Now Lisa has taken everything she's learned over the past few years about living without children, from her own experience and from the women she's helped, and turned it into a book of collected wisdom on the subject: "Life Without Baby." I'm reading it right now, and while I'll have a fuller review later, I can tell you that it's a book I wish I'd had when I was first fumbling my way through those early days post-infertility treatment and wondering, "Now what??"
Over to you, Lisa. :)
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I laughed when I read it. No! Of course I’m not, I thought. The adult I dreamed of was an international engineering consultant, living in a big house with a circular driveway. She had a fabulous husband and four beautiful children, including one set of twins.
Aside from the fabulous husband, that woman is almost the polar opposite of the adult I am now. I’m a writer, who works from my very small rented beach cottage, which has no driveway at all. And of course, there are no children in my picture.
And yet, once I stopped to consider my friend’s question, I realized that, even without the children I so desperately desired, I’m a lot happier as the adult I became than I probably would have been had my expectations been achieved. I’ve met a version of the person I’d once dreamed of becoming. She wasn’t a very happy person and she definitely had more gray hairs than me!
John Lennon famously wrote, “Life is what happens to you when you’re busy making other plans”, and the truth is that few of us end up living the lives we’d once envisioned. All through our lives we set expectations for the kind of people we want to be, the lives we hope to live, and the people we want those lives to include. And all through our lives we have to make adjustments as life throws us setbacks and opportunities, as we learn more about ourselves and what’s important to us.
You probably had some sort of a plan, if only a vague one, of your future as a parent, and you probably set up your life path in accordance with that plan. Perhaps you made decisions about your spouse, a career, the city or neighborhood you chose to live in, the house you bought or rented, the car you drove, the friends you kept, and the food you ate, based on the assumption that children would be part of your life. Now that they’re not, you might be thinking that your entire plan needs a rethink, a sort of Oprah makeover to cover over the old you and present the world with a whole new look.
Many of us set about “fixing” our childlessness this way. We commit to changing our life paths in order to be amazing, we take on volunteer and care roles to give our lives meaning, and we throw ourselves headlong into the lives of other people’s children in order to fill the void left by our own absent children. We decide to change careers, move to another neighborhood, go back to school, or take up a new hobby…or six new hobbies! Inevitably, at some point, we look up and realize we’ve fallen short and let ourselves down. Our lives are full of new goals and dreams, and yet we still don’t feel fulfilled; we’re there for everyone else, but not caring for ourselves. We pack so much into the void left by motherhood and yet we still don’t feel happy, or even worthwhile.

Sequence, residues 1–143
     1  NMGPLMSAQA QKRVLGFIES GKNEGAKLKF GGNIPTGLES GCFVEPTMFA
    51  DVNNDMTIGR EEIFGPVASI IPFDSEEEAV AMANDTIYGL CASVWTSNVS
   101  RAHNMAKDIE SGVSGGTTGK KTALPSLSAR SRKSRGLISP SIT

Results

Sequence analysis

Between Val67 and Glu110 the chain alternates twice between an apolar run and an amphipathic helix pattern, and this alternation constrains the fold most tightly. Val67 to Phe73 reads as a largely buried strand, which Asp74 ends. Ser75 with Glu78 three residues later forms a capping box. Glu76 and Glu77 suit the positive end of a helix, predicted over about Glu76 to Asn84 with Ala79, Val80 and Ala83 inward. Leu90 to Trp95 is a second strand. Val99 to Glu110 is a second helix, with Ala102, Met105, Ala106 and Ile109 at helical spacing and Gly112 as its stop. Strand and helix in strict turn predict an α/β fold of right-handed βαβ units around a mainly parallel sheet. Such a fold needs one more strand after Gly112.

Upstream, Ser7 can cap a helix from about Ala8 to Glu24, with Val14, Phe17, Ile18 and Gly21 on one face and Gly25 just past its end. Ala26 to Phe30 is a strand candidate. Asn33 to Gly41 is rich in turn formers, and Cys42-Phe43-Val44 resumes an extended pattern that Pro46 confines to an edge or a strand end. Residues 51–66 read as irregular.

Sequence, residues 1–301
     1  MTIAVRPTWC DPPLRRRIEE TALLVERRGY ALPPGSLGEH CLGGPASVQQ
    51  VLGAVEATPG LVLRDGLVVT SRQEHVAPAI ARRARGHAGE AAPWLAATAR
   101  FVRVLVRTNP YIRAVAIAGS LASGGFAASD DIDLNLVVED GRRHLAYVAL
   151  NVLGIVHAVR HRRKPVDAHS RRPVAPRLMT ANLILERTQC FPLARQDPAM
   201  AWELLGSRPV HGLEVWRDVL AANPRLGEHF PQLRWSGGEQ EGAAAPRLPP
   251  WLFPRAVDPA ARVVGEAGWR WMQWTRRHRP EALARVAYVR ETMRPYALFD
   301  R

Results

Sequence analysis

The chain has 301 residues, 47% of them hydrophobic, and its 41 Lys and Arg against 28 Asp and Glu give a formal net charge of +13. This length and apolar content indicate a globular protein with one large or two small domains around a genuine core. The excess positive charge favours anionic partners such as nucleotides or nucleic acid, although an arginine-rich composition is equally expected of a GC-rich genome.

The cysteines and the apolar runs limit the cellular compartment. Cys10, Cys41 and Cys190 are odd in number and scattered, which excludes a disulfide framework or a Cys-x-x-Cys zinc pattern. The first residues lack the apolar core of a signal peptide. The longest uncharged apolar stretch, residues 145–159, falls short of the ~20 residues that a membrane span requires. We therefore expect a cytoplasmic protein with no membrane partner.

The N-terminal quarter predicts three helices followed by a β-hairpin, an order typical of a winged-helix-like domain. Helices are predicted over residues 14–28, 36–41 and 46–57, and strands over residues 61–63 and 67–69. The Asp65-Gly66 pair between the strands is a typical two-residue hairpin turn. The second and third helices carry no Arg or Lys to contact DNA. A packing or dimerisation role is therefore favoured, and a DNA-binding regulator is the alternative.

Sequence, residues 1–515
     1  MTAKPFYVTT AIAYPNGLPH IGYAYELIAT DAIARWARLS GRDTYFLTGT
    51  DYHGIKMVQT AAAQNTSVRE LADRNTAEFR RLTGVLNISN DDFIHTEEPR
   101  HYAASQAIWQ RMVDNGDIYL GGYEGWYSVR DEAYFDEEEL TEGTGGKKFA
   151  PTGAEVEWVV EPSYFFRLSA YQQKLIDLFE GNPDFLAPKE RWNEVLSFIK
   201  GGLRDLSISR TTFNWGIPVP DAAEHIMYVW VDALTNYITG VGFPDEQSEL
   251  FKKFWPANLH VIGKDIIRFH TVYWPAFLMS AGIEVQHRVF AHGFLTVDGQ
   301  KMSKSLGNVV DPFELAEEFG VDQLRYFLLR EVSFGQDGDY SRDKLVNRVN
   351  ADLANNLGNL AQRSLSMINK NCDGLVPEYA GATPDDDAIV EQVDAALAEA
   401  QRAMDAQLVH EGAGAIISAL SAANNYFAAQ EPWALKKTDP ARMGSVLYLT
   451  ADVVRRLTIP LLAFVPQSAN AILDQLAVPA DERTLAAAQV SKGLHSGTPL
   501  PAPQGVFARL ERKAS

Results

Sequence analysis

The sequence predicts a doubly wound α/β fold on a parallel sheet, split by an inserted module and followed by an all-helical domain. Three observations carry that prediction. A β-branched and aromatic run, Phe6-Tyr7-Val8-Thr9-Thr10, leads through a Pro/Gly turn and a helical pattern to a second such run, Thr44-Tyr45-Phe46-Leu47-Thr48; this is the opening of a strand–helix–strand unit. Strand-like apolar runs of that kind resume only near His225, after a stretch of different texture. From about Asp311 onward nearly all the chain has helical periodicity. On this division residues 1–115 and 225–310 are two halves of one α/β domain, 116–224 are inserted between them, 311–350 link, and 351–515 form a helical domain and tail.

So, I’d like to propose a new approach to rebuilding your life, starting with the notion that you are not broken. You don’t need to fix your so-called flaws. You don’t have to compensate for not being a mother. Nor do you need to compare yourself to others—especially women with children—and find yourself falling short. You are who you are and, even though you may not be perfect, you are not broken and you don’t need to be fixed. What you may need is a slight readjustment and to remain open to the idea that you’re already on your way to where you’re supposed to be.
When I’ve talked to other women who’ve survived unplanned childlessness and who are clearly thriving in their lives, there’s a common theme I hear when they talk about how they got to where they are today: possibility. None of them said, “I couldn’t be a mother so I decided to write a book/change careers/go back to school/sell my house and travel the world.” But what each of them said, in her own words, is that she took some time and listened, and ultimately allowed herself to be open to possibility.
Instead of looking to fix what was wrong, she tapped into her potential to be the best version of herself that she could be. She set reasonable, gentle goals that pointed her in the direction she wanted her life to go, and she didn’t worry about whether the person that arrived there was perfect. She allowed the person she already was to grow and expand to fill the gaps in her life, rather than trying to hammer herself into society’s expectations of what’s ideal.
So, what about you? What if you decided to make your life what you wanted it to be, instead of what society dictates it should be? What if you were to accept yourself the way you are now and open yourself to the possibility of blooming where you’ve been planted? What if you took the “you” you already are and let her grow and expand into the person she was meant to be. What would life look like if you took a kinder approach to nurturing you and embracing possibility?
LifeWithoutBaby.com, the online community that provides resources, community, compassion, and support to women facing a life without children. She is the author of Life Without Baby: Surviving and Thriving When Motherhood Doesn’t Happen and the award-winning memoir I’m Taking My Eggs and Going Home: How One Woman Dared to Say No to Motherhood.